The City Wants to Engage More Youth in Urban Planning
A new strategy aims to create space for young Torontonians who care about city building.
Walk into a planning meeting for the City of Toronto, and you’re bound to find few attendees younger than 55. According to the City’s research, that’s the norm these days.
For many youth, public planning meetings are a hotbed for intimidation. Rachel Lissner, who runs the Young Urbanists League on Facebook, says few young people feel they can speak up. “A lot of the time there’s this dynamic of where people are expected to just sit, listen, absorb, and just accept things as truth,” she says. “It’s not really explained clearly that it’s actually a conversation and there is room for conversation.”
That’s why the City created the Youth Engagement Strategy last summer.
The strategy recommends ways the City can improve its relationship with Torontonians 18 to 30 years old within a minimum two-year timeframe. The project aims to define why youth are not participating in city planning initiatives, focus on four key areas where in which to engage them, and implement 20 different actions that were suggested by youth, for youth.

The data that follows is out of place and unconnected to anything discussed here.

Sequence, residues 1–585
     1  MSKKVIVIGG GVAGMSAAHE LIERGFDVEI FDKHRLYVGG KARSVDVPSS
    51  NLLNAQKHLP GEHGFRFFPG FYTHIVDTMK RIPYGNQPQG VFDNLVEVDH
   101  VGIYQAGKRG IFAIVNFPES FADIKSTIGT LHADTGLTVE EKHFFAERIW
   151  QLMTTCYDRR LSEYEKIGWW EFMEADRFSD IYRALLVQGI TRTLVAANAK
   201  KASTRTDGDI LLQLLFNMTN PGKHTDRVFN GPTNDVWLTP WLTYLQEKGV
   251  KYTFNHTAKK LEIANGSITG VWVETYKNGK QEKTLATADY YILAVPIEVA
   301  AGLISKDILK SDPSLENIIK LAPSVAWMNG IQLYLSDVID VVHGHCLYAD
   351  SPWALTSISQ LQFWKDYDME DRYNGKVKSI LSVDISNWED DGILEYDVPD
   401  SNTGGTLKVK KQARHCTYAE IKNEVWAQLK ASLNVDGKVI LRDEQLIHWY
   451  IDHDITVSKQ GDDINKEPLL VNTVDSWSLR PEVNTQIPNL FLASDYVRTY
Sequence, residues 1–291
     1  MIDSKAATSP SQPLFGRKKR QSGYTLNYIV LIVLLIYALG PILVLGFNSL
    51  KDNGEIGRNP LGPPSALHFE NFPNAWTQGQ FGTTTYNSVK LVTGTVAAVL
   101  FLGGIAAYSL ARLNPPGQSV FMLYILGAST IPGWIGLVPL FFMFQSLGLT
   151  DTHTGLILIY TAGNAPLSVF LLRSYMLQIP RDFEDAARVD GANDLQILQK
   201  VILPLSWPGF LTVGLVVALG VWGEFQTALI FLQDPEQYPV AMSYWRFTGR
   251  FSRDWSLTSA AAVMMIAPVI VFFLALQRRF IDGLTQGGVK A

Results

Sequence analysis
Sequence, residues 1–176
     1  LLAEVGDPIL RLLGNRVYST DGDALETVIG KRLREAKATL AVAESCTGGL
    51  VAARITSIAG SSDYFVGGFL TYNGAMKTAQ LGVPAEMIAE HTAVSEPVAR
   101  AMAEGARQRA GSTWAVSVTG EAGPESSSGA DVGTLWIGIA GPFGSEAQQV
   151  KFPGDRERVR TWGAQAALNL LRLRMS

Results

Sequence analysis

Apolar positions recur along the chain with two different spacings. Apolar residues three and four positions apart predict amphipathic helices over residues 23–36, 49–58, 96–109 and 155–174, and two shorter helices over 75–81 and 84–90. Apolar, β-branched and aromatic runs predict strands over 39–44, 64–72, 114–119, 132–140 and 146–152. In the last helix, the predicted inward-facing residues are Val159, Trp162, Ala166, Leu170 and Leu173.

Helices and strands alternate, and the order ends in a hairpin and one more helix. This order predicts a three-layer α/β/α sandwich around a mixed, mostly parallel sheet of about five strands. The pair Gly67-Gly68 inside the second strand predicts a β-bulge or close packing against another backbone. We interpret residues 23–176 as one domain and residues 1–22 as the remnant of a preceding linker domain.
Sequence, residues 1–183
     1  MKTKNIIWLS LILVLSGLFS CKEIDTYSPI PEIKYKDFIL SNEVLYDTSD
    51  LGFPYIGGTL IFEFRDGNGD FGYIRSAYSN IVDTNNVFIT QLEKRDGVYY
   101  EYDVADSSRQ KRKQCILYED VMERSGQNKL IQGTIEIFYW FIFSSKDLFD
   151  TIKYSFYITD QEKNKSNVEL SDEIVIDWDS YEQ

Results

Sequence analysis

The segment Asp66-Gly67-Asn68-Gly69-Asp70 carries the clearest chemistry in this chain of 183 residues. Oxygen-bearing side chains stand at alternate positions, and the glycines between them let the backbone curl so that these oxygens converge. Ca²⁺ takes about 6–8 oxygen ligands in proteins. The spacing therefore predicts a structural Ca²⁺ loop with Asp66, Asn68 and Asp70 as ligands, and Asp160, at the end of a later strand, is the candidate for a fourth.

The Youth Engagement Strategy is a part of a larger effort to better connect the City’s planning division, residents, and stakeholders. Youth, among those classified as residents, make up more than 14 per cent of Toronto’s population.
The team working on the strategy is made up of ten Torontonians ages 18 through 29 who have a strong interest in city building. Among them is Corey Horowitz, who holds a master’s in planning from Ryerson University and is keenly aware of the need for this project. Horowitz grew up in Toronto and was unaware of the existence of formal city planning as teenager. He believes planning is relevant to everyone because the issues affect most city dwellers, but he does understand that there are barriers to getting youth involved—from simply being unaware of the issues, to a lack of interest among young people.
One of the ideas the planning department has is to interact in virtual spaces, much like the Lissner’s Facebook group. (Full disclosure: Lissner is a former Torontoist contributor.)
It’s an apt idea, one Lissner believes can help educate young people. She says there’s often poor youth attendance at meetings because the local government has a steep learning curve that can be discouraging for newcomers.